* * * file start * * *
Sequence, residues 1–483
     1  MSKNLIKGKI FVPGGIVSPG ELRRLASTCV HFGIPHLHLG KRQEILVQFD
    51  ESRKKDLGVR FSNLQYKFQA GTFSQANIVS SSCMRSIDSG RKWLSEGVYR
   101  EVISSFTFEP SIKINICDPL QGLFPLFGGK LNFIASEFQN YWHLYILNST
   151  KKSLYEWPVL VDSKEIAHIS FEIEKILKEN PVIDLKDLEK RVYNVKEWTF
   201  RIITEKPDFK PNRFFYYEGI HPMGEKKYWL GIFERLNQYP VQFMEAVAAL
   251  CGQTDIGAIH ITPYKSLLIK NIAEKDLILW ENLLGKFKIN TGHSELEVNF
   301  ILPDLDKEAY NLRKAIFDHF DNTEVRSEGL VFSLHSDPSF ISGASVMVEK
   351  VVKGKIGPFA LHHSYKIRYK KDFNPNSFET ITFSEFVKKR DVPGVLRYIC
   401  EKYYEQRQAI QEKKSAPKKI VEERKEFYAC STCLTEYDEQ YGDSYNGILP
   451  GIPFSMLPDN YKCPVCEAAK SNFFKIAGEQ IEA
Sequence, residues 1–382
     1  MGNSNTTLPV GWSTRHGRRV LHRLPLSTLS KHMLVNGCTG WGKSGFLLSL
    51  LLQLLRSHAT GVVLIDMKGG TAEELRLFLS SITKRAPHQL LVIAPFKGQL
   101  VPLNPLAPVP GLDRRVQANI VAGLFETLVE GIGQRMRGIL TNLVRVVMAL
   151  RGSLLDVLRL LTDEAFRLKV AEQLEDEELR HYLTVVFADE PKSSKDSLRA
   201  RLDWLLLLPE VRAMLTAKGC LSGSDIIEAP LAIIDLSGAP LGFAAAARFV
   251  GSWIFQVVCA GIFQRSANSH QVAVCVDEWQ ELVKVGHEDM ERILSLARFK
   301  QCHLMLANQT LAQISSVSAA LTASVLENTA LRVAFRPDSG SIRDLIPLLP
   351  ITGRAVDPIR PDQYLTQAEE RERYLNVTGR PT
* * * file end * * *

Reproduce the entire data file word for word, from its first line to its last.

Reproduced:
Sequence, residues 1–483
     1  MSKNLIKGKI FVPGGIVSPG ELRRLASTCV HFGIPHLHLG KRQEILVQFD
    51  ESRKKDLGVR FSNLQYKFQA GTFSQANIVS SSCMRSIDSG RKWLSEGVYR
   101  EVISSFTFEP SIKINICDPL QGLFPLFGGK LNFIASEFQN YWHLYILNST
   151  KKSLYEWPVL VDSKEIAHIS FEIEKILKEN PVIDLKDLEK RVYNVKEWTF
   201  RIITEKPDFK PNRFFYYEGI HPMGEKKYWL GIFERLNQYP VQFMEAVAAL
   251  CGQTDIGAIH ITPYKSLLIK NIAEKDLILW ENLLGKFKIN TGHSELEVNF
   301  ILPDLDKEAY NLRKAIFDHF DNTEVRSEGL VFSLHSDPSF ISGASVMVEK
   351  VVKGKIGPFA LHHSYKIRYK KDFNPNSFET ITFSEFVKKR DVPGVLRYIC
   401  EKYYEQRQAI QEKKSAPKKI VEERKEFYAC STCLTEYDEQ YGDSYNGILP
   451  GIPFSMLPDN YKCPVCEAAK SNFFKIAGEQ IEA
Sequence, residues 1–382
     1  MGNSNTTLPV GWSTRHGRRV LHRLPLSTLS KHMLVNGCTG WGKSGFLLSL
    51  LLQLLRSHAT GVVLIDMKGG TAEELRLFLS SITKRAPHQL LVIAPFKGQL
   101  VPLNPLAPVP GLDRRVQANI VAGLFETLVE GIGQRMRGIL TNLVRVVMAL
   151  RGSLLDVLRL LTDEAFRLKV AEQLEDEELR HYLTVVFADE PKSSKDSLRA
   201  RLDWLLLLPE VRAMLTAKGC LSGSDIIEAP LAIIDLSGAP LGFAAAARFV
   251  GSWIFQVVCA GIFQRSANSH QVAVCVDEWQ ELVKVGHEDM ERILSLARFK
   301  QCHLMLANQT LAQISSVSAA LTASVLENTA LRVAFRPDSG SIRDLIPLLP
   351  ITGRAVDPIR PDQYLTQAEE RERYLNVTGR PT